1. The initial shape, size (volume of breast tissue), symmetry of the patient's breasts. In general, the better the preoperative breast appearance the more likely the breast augmentation “look” will be optimal.
2. The experience/skill level of the surgeon is important in determining the final outcome. For example, the accurate and gentle dissection of the breast implant pockets are critical in producing long-term well-placed breast implants. I personally think that these 2 factors are more important than any others, including type (saline or silicone) or model (low/moderate/high profile) of implant.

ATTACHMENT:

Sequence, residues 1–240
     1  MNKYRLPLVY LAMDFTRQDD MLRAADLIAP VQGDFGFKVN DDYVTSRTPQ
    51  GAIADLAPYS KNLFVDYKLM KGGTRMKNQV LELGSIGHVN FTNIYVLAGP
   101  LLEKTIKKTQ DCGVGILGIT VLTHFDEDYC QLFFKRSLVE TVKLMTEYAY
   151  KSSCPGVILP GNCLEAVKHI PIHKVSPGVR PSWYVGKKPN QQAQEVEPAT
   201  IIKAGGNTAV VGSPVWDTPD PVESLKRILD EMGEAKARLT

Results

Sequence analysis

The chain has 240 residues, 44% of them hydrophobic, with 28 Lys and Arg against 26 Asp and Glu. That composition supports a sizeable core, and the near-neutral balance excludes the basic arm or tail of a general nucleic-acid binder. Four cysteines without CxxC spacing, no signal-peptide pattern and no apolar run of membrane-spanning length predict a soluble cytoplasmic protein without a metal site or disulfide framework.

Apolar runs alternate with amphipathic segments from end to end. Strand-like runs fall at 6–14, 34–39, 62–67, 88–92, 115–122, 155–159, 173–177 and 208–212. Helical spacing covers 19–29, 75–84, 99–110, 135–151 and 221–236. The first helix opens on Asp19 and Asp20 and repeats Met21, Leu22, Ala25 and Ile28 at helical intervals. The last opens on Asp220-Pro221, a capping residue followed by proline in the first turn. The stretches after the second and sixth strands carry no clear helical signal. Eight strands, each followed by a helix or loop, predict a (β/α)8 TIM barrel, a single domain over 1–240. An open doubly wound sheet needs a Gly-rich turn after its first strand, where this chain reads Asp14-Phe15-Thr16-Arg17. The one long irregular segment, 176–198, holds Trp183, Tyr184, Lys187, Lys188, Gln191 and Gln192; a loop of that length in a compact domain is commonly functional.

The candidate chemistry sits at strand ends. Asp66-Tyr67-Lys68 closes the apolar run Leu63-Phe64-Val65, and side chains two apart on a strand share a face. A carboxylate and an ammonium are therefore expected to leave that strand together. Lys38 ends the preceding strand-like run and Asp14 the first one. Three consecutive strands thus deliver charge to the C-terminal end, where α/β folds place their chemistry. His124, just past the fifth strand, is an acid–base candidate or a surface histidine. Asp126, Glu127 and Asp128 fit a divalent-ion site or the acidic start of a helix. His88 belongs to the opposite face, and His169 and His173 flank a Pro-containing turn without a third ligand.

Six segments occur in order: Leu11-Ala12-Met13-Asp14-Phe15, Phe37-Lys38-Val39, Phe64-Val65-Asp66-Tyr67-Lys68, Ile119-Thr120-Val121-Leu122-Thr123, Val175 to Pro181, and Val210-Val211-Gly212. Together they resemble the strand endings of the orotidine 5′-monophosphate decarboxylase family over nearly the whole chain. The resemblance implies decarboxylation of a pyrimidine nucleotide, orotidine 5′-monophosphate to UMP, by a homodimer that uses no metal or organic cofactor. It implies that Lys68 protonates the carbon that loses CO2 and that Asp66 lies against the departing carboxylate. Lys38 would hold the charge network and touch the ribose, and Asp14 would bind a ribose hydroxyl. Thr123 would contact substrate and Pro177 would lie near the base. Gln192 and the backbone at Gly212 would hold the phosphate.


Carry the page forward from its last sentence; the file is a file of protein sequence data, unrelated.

3. The type of implant used may determine the final outcome, especially if the patient does not have significant covering breast or adipose tissue. For example, some surgeons feel that silicone implants have a more natural look and feel than saline implants because silicone gel has a texture that is similar to breast tissue. Each patient differs in the amount of breast tissue that they have. If a patient has enough breast tissue to cover the implant, the final result will be similar when comparing saline implants versus silicone gel implants. If a patient has very low body fat and/or very little breast tissue, the silicone gel implants may provide a more "natural" result. On the other hand, saline implants have some advantages over silicone implants. Silicone implant ruptures are harder to detect. When saline implants rupture, they deflate and the results are seen almost immediately. When silicone implants rupture, the breast often looks and feels the same because the silicone gel may leak into surrounding areas of the breast without a visible difference. Patients may need an MRI to diagnose a silicone gel rupture. Saline implants are also less expensive than the silicone gel implants. Other differences involve how the breast implants are filled. Saline implants are filled after they’re implanted, so saline implants require a smaller incision than prefilled silicone breast implants. On May 10, 2000, the FDA granted approval of saline-filled breast implants manufactured by Mentor Corporation and McGhan Medical. To date, all other manufacturers’ saline-filled breast implants are considered investigational. As of 2006, the FDA has approved the use of silicone gel implants manufactured by the Mentor Corporation and Allergan (formerly McGhan) for breast augmentation surgery for patients over the age of 22.